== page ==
Barry Ritholtz points to how the permissive M&A environment of the past two decades has shrunk the number of banks and thrift institutions in the US from over 18,000 in early 1980s to just under 8500 today and where 65% of the depository assets are held by only a handful of banks.
Gretchen Morgenson and Eric Dash discuss the too big to fail arguement.
William Buiter argues that the real issue is size of institutions and therefore "too big to fail" institutions should not be allowed to exist.
Big banks get bigger in the US
Update 4 (5/3/2010)
Simon Johnson has this article which claims that it is the ability of major banks to generate the conditions that make major international financial crises possible (with the incentive to take risks that, when things go well, result in huge upside for bankers and, when things go badly, massive downside for the rest of us) that is a cause of concern for us.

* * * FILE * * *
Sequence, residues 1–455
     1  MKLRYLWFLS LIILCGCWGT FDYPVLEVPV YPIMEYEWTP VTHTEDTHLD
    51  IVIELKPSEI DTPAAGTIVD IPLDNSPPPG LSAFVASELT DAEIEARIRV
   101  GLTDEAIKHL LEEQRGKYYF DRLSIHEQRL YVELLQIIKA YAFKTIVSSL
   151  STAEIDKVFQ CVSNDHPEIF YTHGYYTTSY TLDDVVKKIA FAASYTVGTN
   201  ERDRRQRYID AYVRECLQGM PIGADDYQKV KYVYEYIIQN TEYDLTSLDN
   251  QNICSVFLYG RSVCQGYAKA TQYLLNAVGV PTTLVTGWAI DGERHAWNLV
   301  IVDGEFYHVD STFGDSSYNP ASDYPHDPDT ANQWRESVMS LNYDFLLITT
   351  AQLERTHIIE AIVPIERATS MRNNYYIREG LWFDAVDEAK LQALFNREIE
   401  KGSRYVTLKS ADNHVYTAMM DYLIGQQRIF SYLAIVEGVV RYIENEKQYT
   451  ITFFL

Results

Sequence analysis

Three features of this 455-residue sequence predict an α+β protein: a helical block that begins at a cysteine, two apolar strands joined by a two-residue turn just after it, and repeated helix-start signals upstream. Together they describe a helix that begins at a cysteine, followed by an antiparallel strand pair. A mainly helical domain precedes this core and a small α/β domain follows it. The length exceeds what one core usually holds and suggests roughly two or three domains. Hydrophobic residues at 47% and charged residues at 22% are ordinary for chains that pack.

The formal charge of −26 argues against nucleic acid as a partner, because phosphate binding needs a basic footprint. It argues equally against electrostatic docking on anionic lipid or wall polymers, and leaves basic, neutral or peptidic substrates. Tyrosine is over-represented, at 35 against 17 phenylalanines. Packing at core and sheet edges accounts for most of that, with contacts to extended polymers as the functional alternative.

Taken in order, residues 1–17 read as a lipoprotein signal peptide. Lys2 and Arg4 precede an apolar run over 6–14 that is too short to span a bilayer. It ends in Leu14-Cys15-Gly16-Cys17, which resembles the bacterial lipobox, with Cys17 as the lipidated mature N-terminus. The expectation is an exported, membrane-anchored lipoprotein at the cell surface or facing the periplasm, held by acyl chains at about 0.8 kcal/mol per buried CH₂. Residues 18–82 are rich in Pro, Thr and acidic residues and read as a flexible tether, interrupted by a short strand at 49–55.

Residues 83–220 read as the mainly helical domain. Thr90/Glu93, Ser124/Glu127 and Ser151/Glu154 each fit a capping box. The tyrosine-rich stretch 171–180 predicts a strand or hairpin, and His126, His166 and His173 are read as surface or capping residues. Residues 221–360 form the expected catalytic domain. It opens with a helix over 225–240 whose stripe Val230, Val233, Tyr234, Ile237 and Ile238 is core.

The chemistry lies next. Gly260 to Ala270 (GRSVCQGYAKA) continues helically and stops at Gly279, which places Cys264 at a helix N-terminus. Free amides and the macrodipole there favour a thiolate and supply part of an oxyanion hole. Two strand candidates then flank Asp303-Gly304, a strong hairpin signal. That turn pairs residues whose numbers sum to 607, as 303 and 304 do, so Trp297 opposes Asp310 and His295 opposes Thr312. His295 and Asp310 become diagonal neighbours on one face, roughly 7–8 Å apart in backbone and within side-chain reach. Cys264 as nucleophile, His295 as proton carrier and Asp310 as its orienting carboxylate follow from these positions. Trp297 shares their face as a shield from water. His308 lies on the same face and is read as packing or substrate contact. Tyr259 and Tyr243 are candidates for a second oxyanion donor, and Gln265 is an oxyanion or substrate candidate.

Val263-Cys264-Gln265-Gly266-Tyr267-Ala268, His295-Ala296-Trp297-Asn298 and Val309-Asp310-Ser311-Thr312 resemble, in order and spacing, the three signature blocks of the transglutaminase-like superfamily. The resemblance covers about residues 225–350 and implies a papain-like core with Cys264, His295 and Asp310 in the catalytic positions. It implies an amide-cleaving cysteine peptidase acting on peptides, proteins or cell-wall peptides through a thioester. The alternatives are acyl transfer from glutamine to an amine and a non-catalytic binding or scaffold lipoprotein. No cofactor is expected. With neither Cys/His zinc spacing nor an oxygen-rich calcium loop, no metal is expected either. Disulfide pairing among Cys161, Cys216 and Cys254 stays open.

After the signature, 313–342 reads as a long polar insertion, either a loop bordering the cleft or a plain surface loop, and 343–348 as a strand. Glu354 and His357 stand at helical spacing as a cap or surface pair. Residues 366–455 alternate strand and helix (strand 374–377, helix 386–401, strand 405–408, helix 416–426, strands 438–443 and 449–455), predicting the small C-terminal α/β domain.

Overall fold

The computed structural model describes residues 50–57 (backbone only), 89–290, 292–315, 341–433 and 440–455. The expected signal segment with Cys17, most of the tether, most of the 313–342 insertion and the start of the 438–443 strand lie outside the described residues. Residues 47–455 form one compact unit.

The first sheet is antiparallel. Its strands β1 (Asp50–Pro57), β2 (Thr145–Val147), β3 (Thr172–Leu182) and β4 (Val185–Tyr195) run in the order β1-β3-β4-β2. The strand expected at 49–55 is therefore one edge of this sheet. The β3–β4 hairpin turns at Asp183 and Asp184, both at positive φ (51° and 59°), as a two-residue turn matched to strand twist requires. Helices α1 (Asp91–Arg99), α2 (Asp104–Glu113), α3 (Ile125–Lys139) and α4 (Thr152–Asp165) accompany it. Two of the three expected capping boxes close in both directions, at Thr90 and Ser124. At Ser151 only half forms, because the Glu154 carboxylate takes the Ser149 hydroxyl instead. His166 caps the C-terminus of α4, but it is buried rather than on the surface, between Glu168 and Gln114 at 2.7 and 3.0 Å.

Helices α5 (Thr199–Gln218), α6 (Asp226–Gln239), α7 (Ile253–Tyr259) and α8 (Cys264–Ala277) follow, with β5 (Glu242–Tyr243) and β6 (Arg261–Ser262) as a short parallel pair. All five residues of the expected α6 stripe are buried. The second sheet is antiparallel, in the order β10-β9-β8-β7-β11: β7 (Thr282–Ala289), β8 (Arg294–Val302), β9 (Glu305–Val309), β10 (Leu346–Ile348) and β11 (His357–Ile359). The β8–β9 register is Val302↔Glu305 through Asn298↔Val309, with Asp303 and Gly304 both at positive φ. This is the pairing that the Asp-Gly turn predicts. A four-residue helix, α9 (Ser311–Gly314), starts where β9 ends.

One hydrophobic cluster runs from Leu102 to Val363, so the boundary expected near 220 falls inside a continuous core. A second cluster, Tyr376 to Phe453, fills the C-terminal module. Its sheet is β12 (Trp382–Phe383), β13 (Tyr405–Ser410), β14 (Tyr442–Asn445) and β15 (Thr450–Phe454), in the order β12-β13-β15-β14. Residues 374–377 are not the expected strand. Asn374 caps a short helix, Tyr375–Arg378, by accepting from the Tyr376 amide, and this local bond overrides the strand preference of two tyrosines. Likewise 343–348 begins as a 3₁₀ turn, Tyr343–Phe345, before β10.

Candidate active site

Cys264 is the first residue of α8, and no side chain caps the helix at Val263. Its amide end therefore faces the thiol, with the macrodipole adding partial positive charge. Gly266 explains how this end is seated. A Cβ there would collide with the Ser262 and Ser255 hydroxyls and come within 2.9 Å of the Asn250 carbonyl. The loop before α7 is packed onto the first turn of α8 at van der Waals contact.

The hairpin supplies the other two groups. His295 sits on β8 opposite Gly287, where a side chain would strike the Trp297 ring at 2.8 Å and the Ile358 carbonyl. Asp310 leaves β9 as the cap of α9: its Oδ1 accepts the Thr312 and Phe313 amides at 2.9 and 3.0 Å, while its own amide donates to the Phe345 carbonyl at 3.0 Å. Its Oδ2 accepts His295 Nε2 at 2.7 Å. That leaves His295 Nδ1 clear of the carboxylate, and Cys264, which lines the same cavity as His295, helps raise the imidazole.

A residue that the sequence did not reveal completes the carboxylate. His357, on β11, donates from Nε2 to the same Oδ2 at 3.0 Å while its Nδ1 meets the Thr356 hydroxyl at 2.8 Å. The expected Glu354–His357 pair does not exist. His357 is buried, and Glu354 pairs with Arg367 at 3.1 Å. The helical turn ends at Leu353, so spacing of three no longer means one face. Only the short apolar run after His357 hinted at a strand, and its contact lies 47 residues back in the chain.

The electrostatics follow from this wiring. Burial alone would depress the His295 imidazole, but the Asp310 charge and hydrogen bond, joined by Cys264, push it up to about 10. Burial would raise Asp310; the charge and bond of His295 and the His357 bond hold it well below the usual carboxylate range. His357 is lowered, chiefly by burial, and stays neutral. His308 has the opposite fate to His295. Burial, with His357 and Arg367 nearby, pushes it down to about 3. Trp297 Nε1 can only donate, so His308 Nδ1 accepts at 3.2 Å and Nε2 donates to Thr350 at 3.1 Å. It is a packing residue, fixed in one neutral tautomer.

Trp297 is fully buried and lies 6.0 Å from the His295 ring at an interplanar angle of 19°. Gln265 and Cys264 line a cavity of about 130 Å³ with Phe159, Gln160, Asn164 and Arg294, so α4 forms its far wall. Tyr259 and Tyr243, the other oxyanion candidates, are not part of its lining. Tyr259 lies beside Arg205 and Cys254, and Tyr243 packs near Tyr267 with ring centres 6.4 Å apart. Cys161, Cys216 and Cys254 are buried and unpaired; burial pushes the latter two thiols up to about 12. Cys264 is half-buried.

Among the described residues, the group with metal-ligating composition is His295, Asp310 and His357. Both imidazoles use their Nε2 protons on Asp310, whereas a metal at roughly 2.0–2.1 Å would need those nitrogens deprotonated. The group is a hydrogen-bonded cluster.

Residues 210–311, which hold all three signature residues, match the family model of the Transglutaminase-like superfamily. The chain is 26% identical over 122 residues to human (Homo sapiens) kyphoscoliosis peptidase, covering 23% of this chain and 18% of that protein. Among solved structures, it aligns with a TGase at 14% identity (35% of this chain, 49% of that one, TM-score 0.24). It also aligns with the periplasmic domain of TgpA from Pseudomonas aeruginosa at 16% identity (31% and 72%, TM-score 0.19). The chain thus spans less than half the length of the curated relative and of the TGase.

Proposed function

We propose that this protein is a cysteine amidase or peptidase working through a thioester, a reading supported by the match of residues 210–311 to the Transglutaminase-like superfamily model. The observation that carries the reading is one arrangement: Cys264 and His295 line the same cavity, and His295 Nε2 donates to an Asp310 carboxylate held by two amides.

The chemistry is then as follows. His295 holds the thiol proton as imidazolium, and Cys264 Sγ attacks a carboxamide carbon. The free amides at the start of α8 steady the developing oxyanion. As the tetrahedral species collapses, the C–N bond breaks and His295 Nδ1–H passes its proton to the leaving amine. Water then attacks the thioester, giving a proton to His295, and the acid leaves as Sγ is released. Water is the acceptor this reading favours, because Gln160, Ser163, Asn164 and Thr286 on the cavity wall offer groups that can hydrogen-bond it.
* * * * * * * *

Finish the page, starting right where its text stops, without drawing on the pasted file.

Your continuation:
As he argues, the central pretense of current reform efforts is that we can design a "resolution authority" of some kind that would allow the government to take big banks into a form of bankruptcy or liquidation.